Sunday, December 13, 2009

“So, how are the green shoots doing today?”

Nobody would be surprised to learn that this is often the first question that Maya MacGuineas hears in the morning.

As the president of the bipartisan Committee for a Responsible Federal Budget (CRFB) and the director of the fiscal policy program at the nonpartisan New America Foundation, Ms. MacGuineas is understandably obsessed with “green shoots,” a phrase Federal Reserve Chairman Ben S. Bernanke coined to describe the first signs of economic recovery.

Surprisingly, the question comes from her son, William, 5. Sometimes William asks about the budget. So far, no policy questions have come from daughter Annika, 3.

Welcome to the world of Maya MacGuineas.

“It’s exhausting,” she said, acknowledging she occasionally retires in the evening worried whether she has done enough that day for her children and her jobs.

She is widely known as an impeccably credentialed deficit hawk who nonetheless supported the federal government’s massive borrowing campaign throughout the financial and economic meltdowns during 2008 and 2009.

“We’re not out of the woods yet,” Ms. MacGuineas said the other day, adding, “the economic recovery is still incredibly risky.”

Married for seven years to Robin Brooks, a globe-trotting financier, Ms. MacGuineas, a political independent and native Washingtonian, lives in Chevy Chase, Md., “one block” from her beloved D.C.

She landed what she describes as her “dream job” at the CRFB in 2003. “I won the lottery!” she exclaimed six years later. “Few people love the budget and worry about the deficit as much as I do.”

The committee is a bipartisan, nonprofit organization committed to educating the public about issues that have significant fiscal policy impact, such as health care, taxes and entitlements. Its board includes a “who’s who” of budget experts, many of whom served as CBO directors, budget committee chairmen and White House budget directors.

Ms. MacGuineas graduated from Northwestern University, where she majored in economics and psychology. “I figured if you can understand markets and people, then you’ll know the important things,” she explained.

After college, she wanted to be either a bartender in London (psychology) or a policy researcher (economics).

She became a research assistant at the Brookings Institution. “For two years, I got paid to keep learning new ideas all the time,” she fondly recalls.

She then spent two years on Wall Street as a stock analyst at Paine Webber, where she says she “became obsessed with the budget deficit and a ‘bond vigilante’ without knowing it.” She wanted to read “Deficits for Dummies,” but she discovered it hadn’t been written. So she decided to write a book about the deficit herself, while serving as policy director at the Concord Coalition, a budget-watchdog group.

After approaching “a gazillion” publishers, she finally found a taker. But then the Republican-controlled Congress and the Clinton White House reached a deal to balance the budget, and her book deal fell through.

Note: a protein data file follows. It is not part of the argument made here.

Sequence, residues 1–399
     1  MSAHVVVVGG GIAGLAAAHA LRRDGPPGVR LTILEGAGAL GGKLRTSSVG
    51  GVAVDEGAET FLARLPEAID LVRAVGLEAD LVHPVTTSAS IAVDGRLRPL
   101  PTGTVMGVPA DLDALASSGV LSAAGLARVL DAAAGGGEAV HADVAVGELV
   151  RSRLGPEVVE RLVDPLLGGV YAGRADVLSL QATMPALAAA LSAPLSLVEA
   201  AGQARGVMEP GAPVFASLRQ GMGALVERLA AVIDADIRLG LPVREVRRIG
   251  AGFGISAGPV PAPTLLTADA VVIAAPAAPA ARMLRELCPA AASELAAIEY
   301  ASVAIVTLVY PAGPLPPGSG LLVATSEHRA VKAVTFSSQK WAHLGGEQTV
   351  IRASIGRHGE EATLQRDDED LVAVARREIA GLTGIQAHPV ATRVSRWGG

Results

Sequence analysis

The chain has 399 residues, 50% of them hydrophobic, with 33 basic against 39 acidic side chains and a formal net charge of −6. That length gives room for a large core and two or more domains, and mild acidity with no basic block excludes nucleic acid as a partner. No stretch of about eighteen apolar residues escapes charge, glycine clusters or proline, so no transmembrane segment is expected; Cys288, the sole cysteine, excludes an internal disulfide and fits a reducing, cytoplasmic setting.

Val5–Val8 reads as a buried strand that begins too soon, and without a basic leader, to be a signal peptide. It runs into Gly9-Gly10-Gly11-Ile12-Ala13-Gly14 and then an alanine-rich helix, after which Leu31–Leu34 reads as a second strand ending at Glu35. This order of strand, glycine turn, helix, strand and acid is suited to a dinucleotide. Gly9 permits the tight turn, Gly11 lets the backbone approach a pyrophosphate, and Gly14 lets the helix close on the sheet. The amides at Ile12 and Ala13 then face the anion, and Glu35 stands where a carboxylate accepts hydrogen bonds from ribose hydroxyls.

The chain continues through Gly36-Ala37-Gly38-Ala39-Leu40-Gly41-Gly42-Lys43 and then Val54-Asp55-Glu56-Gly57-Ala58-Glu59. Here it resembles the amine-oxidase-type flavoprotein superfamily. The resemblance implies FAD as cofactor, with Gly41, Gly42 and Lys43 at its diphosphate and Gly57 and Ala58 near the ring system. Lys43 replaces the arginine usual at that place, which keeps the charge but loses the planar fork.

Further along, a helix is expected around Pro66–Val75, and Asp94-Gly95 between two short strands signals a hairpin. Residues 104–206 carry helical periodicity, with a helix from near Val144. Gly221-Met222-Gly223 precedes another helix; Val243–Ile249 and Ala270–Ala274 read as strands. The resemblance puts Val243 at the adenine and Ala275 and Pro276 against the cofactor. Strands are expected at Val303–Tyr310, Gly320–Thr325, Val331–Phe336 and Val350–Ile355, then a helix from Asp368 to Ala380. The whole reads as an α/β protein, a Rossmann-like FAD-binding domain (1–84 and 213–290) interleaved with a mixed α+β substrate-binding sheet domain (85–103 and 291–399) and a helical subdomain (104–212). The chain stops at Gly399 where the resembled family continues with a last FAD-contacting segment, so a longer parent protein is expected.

After picking up a master’s degree in public policy at the Kennedy School of Government at Harvard, she returned to Brookings. In 1999, she joined John McCain’s campaign for the Republican presidential nomination as a policy adviser. She traveled with the candidate to New Hampshire and Michigan as he unveiled his Social Security and economic plans.

“I always point out that he won the states where I traveled with him,” she laughingly recalled.

With nearly two decades of experience as a budget analyst, Ms. MacGuineas has more than a few answers when William asks, “What’s up with the budget, mommy?”

That’s when she dons her green eyeshade.

For the 50 years ending in fiscal 2008, federal spending averaged about 20.5 percent of gross domestic product; and federal revenues averaged 18.5 percent. But spending is on track to reach 26 percent to 30 percent over the long term, Ms. MacGuineas said.

Through a combination of tax increases and spending cuts, she said policymakers must balance the budget over the business cycle with spending and revenues averaging 22 percent of GDP.

On the spending side of the ledger, she would means-test entitlements, including Social Security and Medicare.

On the revenue side, she would introduce an energy tax, such as a gasoline tax. She would gradually reduce the value of mortgages entitled to the interest deduction from $1 million to $350,000.

Those 10-year, $1.8 trillion in middle- and upper-middle-class tax cuts that President Obama promised to extend? Not so fast. They would have to be paid for by raising taxes elsewhere or extra spending cuts.

“I’m the grinch who wants to pay for all these things,” she said.

Congress should also pay for eliminating the $200 billion-plus cuts in Medicare payments to doctors. Ditto for patching the alternative minimum tax. And she would get rid of the deduction for employer-paid health insurance.

The mild-mannered Ms. MacGuineas would also take an ax to corporate welfare.

“The fiscal noose around our necks will tighten much sooner” because we spent years borrowing irresponsibly before the meltdown, while ignoring the fiscal tsunami approaching with the retirement of the baby boomers, she warned.

While she thinks President Obama has been “pretty terrific” so far, under no conditions can policymakers allow publicly held debt to reach 82 percent of GDP by 2019, as the president proposes to do, according to CBO estimates.

Tomorrow, the Peterson-Pew Commission on Budget Reform, in collaboration with the CRFB, will be releasing its first report, “Red Ink Rising: A Call to Action to Stem the Mounting Federal Debt.”

It’s fair to say that 5-year-old William will get more answers than he could ever imagine the next time he asks, “What’s up with the budget, mommy?”

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